The Headmaster of this fictional school is all too recognisable from life, fixated as he is by league tables and his obsession with being able to quantify everything.  He recruits Irwin, a supply teacher to help prepare a bunch of high fliers for their Oxbridge entrance exam.  Irwin’s methods are at odds with those of General Studies teacher, Hector, who sees education as enrichment for life rather than a means to jump over prescribed hurdles. The boys themselves come to appreciate the contrast in their deliveries, on their way to becoming rounded individuals and/or members of the academic elite.

Bennett treats us to comedy high and low.  One scene, in schoolboy French, is particularly funny, as the boys enact a transaction in a brothel.  Other moments are more subtle; and among the humour there are also moments of pathos.  Of all the boys Michael Jenkins shines as sensitive, lovelorn Posner, in a detailed and layered performance.  Jenkins’s singing voice is a particular asset for this production.  This is a young man with a future in musical theatre or there is no justice in the world.   Other standouts are David Harvey as Scripps, whose narration is assured and philosophical.  I also liked Scott Richards’s Lockwood and Gwill Milton’s Timms.  Robert Dean grows into the cockiness of school stud Dakin but needs to be more at home in himself from the outset, and Dominic Thompson needs to slow down his delivery of Rudge’s punchlines at times in order to maximise their effect.

Alan Marshall is a wonderful Hector, warm and funny, he holds the audience in his thrall as much as his charges.  The fact that his approach to education (along with his groping of the boys on his motorcycle) is damaging to the young men is treated largely as an undercurrent, balanced against preparation for exams as too limiting a function of the education system.

As young Irwin, Mark Payne is equally good, dazzling in the classroom, nervous and out of his depth outside of lessons. Annie Harris gives solid support as Mrs Lintott, who gets the choicest words to shout out in the staff room, and Brian Wilson is suitably uptight as the results-driven Headmaster.

There are a few moments when the energy of some scenes seems to drop but for the most part, director Ian Robert Moule gets the tone just right.  Keith Harris’s multi-levelled set allows for swift and efficient transitions, accompanied by bursts of 80s hits to remind us we are looking back, just as the boys are looking back in their history classes.

Set in the 1980s, the play is still all too relevant today, considering we have a Minister for Education who seems to equate memory with achievement.  Sad to relate, only one point made seems to have been overridden: there are now female historians on the telly – Bennett did not foresee the advent of Mary Beard.

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Bedtime Gories

THE PILLOWMAN
Crescent Theatre, Birmingham, Thursday 5th April, 2012


A man sits blindfolded in a police interrogation room as the audience file in. “Take it off; it looks stupid,” snaps the detective who will lead the questioning.

So begins Martin McDonagh’s poisoned chocolate box of a play. The interrogation teases out information and gradually more is revealed to the audience as well as the suspect, the oddly named Katurian Katurian (middle name, Katurian). He is a writer of tales so twisted Roald Dahl might baulk but, even in the totalitarian state in which he resides, that is not a crime, as such. The trouble is someone had been killing small children in ways inspired by Katurian’s stories. Worse than that, his retarded elder brother has confessed, apparently under duress, to carrying out the killings.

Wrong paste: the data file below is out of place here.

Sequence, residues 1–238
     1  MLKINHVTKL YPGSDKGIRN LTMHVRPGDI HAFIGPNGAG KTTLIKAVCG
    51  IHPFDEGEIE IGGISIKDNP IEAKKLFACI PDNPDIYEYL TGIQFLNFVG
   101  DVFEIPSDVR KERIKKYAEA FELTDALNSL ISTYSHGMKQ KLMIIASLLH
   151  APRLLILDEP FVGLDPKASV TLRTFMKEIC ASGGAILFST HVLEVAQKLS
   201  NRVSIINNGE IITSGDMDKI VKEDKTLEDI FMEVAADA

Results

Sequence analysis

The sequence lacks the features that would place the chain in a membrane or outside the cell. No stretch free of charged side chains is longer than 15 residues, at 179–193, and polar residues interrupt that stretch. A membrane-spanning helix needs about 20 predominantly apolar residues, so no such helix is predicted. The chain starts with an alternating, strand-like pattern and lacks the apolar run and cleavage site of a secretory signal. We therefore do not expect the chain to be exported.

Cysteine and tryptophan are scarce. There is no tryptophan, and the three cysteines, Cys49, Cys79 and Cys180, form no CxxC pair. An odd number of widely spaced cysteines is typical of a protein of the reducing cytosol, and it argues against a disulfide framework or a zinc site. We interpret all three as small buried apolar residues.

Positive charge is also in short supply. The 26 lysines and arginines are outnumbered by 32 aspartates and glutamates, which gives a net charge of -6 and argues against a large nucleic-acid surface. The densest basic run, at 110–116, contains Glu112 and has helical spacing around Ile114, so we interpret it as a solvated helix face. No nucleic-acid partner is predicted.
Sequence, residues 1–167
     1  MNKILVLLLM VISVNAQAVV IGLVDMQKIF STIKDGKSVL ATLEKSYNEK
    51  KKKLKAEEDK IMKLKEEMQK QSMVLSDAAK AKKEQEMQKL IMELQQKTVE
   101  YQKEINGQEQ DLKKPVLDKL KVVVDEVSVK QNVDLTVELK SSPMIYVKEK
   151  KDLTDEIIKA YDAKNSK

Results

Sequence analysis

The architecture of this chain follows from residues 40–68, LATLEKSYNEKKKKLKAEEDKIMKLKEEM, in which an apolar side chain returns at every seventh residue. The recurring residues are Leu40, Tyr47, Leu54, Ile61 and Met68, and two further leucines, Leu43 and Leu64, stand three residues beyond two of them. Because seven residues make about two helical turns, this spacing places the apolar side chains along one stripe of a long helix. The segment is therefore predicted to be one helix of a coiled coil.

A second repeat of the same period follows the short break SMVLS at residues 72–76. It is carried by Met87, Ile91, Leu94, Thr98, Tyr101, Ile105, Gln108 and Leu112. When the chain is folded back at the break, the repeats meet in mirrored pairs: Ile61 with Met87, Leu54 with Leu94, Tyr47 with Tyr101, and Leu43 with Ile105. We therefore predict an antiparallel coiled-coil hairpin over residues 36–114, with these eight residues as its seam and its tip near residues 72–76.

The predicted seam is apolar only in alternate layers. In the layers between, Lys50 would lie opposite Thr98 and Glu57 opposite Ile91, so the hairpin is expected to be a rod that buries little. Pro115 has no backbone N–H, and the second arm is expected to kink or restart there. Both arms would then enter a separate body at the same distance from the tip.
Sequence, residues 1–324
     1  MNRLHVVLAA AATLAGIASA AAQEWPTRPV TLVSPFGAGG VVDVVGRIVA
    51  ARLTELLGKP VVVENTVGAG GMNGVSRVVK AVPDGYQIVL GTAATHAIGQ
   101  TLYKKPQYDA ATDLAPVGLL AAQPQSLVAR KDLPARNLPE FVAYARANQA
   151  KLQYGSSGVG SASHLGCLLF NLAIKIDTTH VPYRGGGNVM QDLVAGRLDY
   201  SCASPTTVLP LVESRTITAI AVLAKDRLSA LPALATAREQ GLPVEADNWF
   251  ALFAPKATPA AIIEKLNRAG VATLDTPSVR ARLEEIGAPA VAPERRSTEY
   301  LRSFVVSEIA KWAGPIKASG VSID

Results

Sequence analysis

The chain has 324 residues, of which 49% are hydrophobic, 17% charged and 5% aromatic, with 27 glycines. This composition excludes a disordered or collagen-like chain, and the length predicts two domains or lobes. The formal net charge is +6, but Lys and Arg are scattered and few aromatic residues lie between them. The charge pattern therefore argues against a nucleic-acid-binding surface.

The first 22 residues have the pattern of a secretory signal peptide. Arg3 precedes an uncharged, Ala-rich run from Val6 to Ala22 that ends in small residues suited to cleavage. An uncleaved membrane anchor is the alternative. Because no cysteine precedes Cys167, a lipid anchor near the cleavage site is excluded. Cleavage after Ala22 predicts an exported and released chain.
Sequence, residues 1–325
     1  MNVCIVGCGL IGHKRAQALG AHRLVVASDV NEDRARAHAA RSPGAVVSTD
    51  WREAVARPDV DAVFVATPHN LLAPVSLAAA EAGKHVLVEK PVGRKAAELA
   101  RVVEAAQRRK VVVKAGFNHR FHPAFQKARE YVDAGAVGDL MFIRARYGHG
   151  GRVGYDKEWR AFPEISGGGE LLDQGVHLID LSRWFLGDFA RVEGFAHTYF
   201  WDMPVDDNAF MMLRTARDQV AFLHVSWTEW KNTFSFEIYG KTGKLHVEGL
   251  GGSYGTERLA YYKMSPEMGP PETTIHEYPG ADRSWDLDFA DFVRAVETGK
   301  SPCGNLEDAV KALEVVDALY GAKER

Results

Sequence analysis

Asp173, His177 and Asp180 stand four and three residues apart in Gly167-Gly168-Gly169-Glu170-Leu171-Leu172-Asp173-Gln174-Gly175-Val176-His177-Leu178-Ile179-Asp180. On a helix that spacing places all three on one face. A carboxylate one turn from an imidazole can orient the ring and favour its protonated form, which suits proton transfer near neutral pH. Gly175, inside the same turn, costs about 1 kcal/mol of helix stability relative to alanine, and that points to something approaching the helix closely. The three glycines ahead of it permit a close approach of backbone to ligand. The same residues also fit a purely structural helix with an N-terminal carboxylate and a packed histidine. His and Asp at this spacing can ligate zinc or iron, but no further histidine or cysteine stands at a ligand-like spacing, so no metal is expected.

The interrogation is broken up with recitals and dramatisations of some of the stories. The Brothers Grimm would have nightmares.

It’s a grim subject, child-killing. But the violence in the stories and the copycat crimes is so bizarre, so removed from real life atrocities, we are able to be sickened, fascinated and amused all at once.

Andrew Cowie is superb as Detective Tupolski, striding around like a skeletal Bill Nighy. He is purportedly the ‘bad cop’ to Brian Wilson’s wonderfully thuggish ‘good cop’ Ariel. They are a formidable double act who play the suspect like a fiddle.

As Katurian Katurian, the excellent Mark Tracey holds the play together, carrying most of the emotional weight as well as narrating most of the stories. He is an appealing figure, the writer oppressed by the state, desperate to see his work survive after his inevitable execution. He has charm, vulnerability and humanity – we want him to be acquitted.

But this is not really a play about tyranny and dictatorships. This has more to do with the culture of blame, so you think, of blaming seemingly inexplicable acts of violence on something the perpetrator saw or read or played. This argument only goes so far: it turns out Katurian’s dimwit brother actually did kill the kids. The play offers up the idea of troubled childhoods making for troubled adults – and indeed Katurian’s and brother Michal’s upbringing was far from idyllc, but, as Tupolski observes, “My father was a violent alcoholic. Am I a violent alcoholic? Well, yes, I am but that’s a matter of personal choice.”

Jonny Wright’s Michal is an innocent with blood (and green paint) on his hands, following his own twisted logic. It’s a well-observed portrayal and, of course, very funny. Gemma Kenny gives lively support as a “Little Girl”.

The play is in itself a story, one of Katurian’s twisted tales and like the others, is open to interpretation. Liam Tombs’s production is engaging, gripping and very entertaining. I cannot fault it.

It’s the funniest play about child murders you will ever see.